What are the expectations for the team?
Enormous and unrealistic. The recent friendly results have started to calm down expectant fans. But most people in Switzerland know next to nothing about football so they still think we are a great team and can win it.
Are there any players who have appeared in TV commercials?
Most of the players are involved in ads for Carlsberg, one of the team’s main sponsors, and for Swiss Federal Railways, where such players as Ludovic Magnin and Philippe Senderos expound the virtues of travelling by train. In the case of Senderos, you can just imagine him sitting in one, mouth agape, listening to his iPod. Alexander Frei, who is the figurehead of Swiss football, has done ads for Nike and Familia, a brand of muesli. He’s also promoted JVC and Mazda and whenever a Swiss version of a football game comes out, he’ll be on the box here. Tranquillo Barnetta does adverts for a children charity run by McDonald’s and VW. Coach Köbi Kuhn is fronting a campaign for T-shirts sold at Denner, a Swiss supermarket chain.
Is the coach popular?
Not any more, especially now that Ottmar Hitzfeld is joining after Euro 2008. The main tabloid, Blick, even suggested getting rid of Kuhn before the tournament.
Which players are good interviewees and who are the worst?
Senderos and Johan Djourou are very affable and make themselves readily available for interviews with local papers. Frei has a reputation for speaking honestly though he is also said to hold some fairly right-wing opinions.
Are then any players with unusual hobbies or business interests?
Swiss players are generally very ordinary. Some quite enjoy going for a hike in the mountains or prefer to just stroll around town like every other Swiss citizen. However, Daniel Gygax is an amateur DJ and has been known to miss training sessions at Metz due to his commitments to nightlife.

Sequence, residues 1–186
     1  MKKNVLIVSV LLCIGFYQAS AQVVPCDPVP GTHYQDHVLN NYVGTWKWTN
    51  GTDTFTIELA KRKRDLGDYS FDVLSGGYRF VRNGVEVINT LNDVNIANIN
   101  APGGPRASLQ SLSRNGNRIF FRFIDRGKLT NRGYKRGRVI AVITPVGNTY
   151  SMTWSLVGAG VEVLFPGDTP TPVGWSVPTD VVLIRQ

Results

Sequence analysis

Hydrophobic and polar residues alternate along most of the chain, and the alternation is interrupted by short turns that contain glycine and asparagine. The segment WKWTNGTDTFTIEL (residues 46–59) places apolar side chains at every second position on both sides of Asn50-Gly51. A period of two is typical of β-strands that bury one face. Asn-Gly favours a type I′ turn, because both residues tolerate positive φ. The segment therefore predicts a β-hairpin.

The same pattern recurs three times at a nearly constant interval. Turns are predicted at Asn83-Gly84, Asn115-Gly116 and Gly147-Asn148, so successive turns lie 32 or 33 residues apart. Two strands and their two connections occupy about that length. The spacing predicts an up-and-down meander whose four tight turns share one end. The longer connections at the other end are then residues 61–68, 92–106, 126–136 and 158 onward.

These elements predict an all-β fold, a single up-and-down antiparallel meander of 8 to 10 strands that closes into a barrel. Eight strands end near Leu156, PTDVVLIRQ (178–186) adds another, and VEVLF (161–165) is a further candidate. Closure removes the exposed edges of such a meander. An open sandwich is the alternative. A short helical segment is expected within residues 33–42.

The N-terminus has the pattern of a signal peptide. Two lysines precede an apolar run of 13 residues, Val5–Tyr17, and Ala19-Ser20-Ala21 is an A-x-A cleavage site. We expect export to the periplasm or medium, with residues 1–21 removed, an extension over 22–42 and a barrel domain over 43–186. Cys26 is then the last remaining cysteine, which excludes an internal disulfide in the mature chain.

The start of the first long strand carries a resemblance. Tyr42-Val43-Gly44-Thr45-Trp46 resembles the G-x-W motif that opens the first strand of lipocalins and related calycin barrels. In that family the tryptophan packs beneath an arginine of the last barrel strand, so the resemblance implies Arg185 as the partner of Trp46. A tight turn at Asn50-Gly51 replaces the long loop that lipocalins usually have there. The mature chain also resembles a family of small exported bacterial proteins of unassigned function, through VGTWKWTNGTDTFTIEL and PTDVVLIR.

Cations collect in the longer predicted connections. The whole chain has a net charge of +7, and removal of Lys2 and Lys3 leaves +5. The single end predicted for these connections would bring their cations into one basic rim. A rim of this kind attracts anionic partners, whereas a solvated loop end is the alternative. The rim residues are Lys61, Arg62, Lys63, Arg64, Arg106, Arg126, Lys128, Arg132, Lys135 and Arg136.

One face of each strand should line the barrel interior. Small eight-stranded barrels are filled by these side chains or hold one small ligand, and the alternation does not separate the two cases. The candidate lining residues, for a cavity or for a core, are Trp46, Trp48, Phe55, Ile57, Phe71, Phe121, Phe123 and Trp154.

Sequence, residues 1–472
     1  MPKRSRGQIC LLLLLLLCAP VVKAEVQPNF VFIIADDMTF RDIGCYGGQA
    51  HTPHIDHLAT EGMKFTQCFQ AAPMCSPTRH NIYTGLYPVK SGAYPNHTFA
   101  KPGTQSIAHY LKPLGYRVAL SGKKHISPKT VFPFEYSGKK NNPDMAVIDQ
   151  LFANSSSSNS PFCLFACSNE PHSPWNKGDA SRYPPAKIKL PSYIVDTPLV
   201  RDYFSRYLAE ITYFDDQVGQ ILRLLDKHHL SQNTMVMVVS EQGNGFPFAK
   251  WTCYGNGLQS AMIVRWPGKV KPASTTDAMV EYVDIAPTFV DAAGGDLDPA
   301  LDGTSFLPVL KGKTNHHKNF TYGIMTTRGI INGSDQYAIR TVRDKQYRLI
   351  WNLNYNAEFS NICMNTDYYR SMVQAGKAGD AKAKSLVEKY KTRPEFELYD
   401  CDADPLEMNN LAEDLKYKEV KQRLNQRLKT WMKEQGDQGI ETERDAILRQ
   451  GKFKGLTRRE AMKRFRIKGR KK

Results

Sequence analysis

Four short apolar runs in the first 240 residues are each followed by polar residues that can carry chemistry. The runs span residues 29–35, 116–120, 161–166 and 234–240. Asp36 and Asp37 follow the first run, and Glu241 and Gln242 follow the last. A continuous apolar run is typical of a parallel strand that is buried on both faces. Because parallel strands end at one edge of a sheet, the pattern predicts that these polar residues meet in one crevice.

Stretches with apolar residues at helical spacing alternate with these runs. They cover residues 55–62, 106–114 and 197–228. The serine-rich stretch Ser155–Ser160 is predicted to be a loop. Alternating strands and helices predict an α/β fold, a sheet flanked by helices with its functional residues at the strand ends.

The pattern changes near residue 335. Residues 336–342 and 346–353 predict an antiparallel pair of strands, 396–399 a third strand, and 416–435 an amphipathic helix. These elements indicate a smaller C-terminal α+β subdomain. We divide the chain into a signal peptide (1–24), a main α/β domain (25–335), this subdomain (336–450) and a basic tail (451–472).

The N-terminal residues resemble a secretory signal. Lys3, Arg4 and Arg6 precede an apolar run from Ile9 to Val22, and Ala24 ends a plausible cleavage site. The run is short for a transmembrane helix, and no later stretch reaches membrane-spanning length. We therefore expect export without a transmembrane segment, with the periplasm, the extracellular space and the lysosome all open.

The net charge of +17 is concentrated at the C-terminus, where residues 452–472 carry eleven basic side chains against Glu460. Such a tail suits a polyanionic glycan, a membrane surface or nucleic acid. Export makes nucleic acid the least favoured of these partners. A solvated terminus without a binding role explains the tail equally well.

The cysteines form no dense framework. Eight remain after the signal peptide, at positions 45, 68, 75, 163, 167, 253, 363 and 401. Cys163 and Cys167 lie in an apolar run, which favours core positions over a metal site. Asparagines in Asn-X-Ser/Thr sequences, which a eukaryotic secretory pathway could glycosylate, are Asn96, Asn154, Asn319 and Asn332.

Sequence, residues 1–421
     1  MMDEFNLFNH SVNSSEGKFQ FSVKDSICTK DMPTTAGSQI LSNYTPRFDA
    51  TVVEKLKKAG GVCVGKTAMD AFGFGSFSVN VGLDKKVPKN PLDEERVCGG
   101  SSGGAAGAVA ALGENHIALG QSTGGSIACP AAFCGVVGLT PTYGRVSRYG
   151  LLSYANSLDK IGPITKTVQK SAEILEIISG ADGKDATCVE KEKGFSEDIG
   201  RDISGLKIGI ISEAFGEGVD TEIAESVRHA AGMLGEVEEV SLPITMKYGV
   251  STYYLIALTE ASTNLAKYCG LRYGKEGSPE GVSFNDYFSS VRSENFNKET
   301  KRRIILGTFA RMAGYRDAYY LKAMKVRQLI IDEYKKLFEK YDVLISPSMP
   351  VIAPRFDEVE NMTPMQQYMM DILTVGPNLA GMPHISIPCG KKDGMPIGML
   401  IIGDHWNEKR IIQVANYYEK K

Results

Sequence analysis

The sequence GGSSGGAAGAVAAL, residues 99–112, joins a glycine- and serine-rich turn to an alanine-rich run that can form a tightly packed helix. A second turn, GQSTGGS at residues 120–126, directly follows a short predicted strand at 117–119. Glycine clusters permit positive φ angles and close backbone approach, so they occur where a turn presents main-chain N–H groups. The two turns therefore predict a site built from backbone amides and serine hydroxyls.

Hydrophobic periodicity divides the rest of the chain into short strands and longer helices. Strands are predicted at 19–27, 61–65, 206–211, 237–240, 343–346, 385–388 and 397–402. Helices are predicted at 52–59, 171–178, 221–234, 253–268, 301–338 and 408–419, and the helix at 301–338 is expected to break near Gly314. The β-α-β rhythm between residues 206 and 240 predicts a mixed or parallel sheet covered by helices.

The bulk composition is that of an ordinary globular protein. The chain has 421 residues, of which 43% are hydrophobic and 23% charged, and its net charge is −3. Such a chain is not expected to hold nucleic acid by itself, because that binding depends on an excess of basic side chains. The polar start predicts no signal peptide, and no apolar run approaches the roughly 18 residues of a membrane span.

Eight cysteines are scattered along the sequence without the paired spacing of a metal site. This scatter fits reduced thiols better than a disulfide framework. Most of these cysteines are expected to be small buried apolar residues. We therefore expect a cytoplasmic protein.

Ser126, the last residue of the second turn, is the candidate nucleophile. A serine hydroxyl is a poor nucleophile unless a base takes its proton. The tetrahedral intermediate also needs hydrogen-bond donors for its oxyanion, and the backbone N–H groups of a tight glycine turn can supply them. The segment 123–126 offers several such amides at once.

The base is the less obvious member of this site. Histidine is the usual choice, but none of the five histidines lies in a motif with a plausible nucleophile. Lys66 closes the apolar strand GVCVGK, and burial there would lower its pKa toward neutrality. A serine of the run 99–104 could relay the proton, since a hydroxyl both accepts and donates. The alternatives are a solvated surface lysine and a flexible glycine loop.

What will the media coverage be like?
Coverage quality on TV depends very much on where you are in the country: populist and positive in the German part; analytic and uncomplacent in the Italian part; amateurish and shambolic in the French part. The coverage as a whole is getting quite strident. The two best known ex-players working as pundits the monosyllabic are Stéphane Chapuisat on the Swiss-French TV channel, who makes Alan Shearer sound like Stephen Fry, and Kubilay Turkyilmaz on the Swiss-Italian channel, who is grumpy but interesting and critical.
Will there be any rehearsed goal celebrations?
Probably. Some are hoping for one on a Swiss theme such as William Tell or Swiss wrestling, which involves grabbing your opponent by his pants and throwing him around.
Do Swiss fans have any favourite chants or songs?
There are quite a lot of songs but in several languages, so those that are sung by everybody are rather simple. The Schweizer Nati (Swiss Nation) chant was quite spectacular in 2006, but it did worry the hosts as Swiss Germans pronounce “Nati” as in “Nazi”.
Thanks to Cartonrouge.ch